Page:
A hat to combine two, okay three, of my favorite things: Chickens, stranded colorwork and wool!
Rhode Island Red features a provisional cast on, lined brim and stranded colorwork.
The yarn for this hat is from Romney Ridge Farm in Maine. I knew I wanted to do a chicken hat but hadn't found just the right yarn and had almost given up hope. I saw this yarn and eureka, my chicken hat came to life.
I was able to make 2 hats out of 2 skeins of yarn.
The hat begins with a provisional cast on to create a double-layer brim for extra warmth. I also wanted to have the extra space from not having ribbing to add a motif along the bottom edge.
SIZE Child's Large/Adult Small[Adult Medium, Adult Large]
shown in sizes Child's Large/Adult Small, and Adult Large
FINISHED MEASUREMENTS Circumference:19[21, 23] ins Depth: 8.5[9.5, 10.5] ins
Romney Ridge Farm Farm Blend [wool with small percentage of mohair; 200 yd/183m per 113 g skein]
[A] Natural, 1 skein.
Mulberry, 1 skein.
Recommended needle size [always use a needle
size that gives you the gauge
listed below -- every knitter's
gauge is unique]
16 inch US #5/ 3.75 mm circular needle
US #5/3.75 mm needles for a small circumference: DPNs, 1 long circular, or 2 short circulars, as you prefer, for crown decrease
H-8/5mm crochet hook and scrap yarn for provisional cast on
18 sts /28 rows = 4 ins in stockinette stitch in single color
20 sts/ 28 rows = 4 ins in stranded colorwork, after blocking
PATTERN NOTES [Knitty's list of standard abbreviations and techniques can be found here.]
The hat begins with a provisional cast on.
Use your preferred provisional cast on technique; directions for one technique may be found here.
Stitches are picked up along a crochet chain and worked for 3 inches. The work is folded up and a row of decreases is used to create a double layer of fabric along the brim.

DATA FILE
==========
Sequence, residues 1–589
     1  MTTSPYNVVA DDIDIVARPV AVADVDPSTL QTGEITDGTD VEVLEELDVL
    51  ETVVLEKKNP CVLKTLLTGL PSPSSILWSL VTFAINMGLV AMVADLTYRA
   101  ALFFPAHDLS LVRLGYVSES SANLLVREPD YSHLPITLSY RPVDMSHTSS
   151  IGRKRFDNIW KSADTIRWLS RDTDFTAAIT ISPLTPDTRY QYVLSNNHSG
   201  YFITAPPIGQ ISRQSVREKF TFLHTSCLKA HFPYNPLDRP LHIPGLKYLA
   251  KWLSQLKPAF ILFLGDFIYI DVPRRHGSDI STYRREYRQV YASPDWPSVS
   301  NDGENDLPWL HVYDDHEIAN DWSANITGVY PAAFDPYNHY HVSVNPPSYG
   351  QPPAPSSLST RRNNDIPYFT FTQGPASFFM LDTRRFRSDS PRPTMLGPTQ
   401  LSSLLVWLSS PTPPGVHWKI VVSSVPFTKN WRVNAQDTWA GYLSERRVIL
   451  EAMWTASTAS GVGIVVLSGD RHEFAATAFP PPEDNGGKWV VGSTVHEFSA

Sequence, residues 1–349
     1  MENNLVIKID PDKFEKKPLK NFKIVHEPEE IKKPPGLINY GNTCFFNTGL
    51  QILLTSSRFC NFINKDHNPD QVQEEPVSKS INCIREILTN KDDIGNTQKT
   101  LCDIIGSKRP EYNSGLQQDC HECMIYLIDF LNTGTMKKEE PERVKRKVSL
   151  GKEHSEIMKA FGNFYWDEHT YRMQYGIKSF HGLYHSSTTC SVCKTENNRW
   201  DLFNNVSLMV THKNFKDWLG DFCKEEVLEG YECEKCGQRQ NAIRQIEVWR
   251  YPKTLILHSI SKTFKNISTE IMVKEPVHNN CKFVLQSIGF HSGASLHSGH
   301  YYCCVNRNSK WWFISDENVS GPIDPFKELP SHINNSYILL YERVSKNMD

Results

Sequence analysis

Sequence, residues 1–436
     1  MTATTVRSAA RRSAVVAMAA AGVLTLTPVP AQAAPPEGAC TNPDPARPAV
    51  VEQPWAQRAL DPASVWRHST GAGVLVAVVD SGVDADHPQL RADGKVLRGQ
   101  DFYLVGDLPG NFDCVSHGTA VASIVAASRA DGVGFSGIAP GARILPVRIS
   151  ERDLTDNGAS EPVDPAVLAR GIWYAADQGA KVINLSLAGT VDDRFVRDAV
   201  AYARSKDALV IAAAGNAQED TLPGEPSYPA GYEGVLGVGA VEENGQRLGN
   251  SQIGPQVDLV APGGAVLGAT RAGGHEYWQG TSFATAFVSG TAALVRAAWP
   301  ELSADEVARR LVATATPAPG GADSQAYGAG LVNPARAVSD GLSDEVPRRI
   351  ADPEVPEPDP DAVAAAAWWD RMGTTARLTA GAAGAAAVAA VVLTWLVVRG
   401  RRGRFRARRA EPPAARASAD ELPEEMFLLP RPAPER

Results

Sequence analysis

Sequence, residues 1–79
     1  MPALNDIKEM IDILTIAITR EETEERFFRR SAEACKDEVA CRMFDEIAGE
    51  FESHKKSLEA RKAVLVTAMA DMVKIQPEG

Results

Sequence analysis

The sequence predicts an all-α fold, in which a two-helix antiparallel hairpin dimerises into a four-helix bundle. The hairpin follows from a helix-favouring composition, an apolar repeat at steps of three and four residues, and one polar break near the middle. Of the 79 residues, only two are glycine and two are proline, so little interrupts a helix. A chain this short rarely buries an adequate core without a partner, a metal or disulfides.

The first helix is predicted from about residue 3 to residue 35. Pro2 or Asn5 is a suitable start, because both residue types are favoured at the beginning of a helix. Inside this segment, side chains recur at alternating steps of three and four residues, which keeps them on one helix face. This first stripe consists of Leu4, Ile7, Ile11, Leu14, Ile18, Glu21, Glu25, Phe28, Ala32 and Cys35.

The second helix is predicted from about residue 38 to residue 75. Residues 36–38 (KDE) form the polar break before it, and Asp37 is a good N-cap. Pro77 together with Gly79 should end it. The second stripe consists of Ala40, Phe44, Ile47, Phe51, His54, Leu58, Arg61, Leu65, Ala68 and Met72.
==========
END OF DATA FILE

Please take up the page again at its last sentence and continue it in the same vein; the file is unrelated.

There are some long floats while working the chicken chart. I highly recommend catching the floats every 5 or 6 stitches to help improve the quality of the finished hat. This also aids in keeping the work from being too tight and puckering. This article on Knitty provides a good tutorial
Note that colors are used differently for the different sizes. Pay attention to which color is used.
Fit Choose a size with approximately 1 inch of negative ease.
Charts The charts for this pattern are very large and fit on a letter-sized page.
Click here and print the resulting page.
With scrap yarn, provisionally CO 90[100, 110] sts.
For first size, join Color B, for second and third, join Color A.
Place marker and join for working in the round. Work stockinette stitch (k every round) for 1.5 ins.
For first size, join Color A, for second and third, join Color B. Do not cut the other yarn.
Knit 2 rounds in Color A[Color B, Color B].
Next round, establish chart: Work Chart A 18[20, 22] times around.
Work as set until Chart A is complete.
Knit 1 round in Color A[Color B, Color B].
Joining round: With right side facing, fold work so that wrong sides are together and provisional cast on is parallel to work on needles. Carefully remove provisional CO to expose a few stitches at a time, placing them on a spare needle. Hold spare needle parallel to circular needle and work a k2tog with one stitch from each layer. Continue working in this manner to end of round.
Bottom hem is now complete, 90[100, 110] stitches on circular needle.
Body First Size Only: Next round, increase: With Color A, [k9, m1] around. 100 sts. Next round: Knit.
Second size only:
Using Color A, k 2 rounds.
Third size only: Next round, increase: With Color A, [k7, m1, k8, m1, k7, m1] 5 times. 125 sts. Next round: Knit.
Work Chart B around.
Work as set until all 21 rows of Chart B are complete.
Knit 4[2, 2] rounds in Color A.
Knit 0[2, 2] rounds in Color B
Work Chart A once.
Work even in Color A[Color B, Color B] until hat measures 7[8, 8.5] ins from bottom edge. At this point, you can cut the unused color.
As you work the following rounds, change to your small circumference method when hat gets too small for circular needle.
Break yarn, leaving 6 inch tail. Using yarn needle, draw tail through remaining stitches.
Weave in ends. Block.
ABOUT THE DESIGNER
Pam Sluter is a knitting designer and teacher living in Rhode Island. She enjoys the company of her husband, four children, two dogs, two guinea pigs and six chickens. She enjoys working with natural fibers and has a weakness for small farm yarns. She is currently at work on an e-book collection, Knit Fresh Rhode Island, featuring yarns produced in Rhode Island.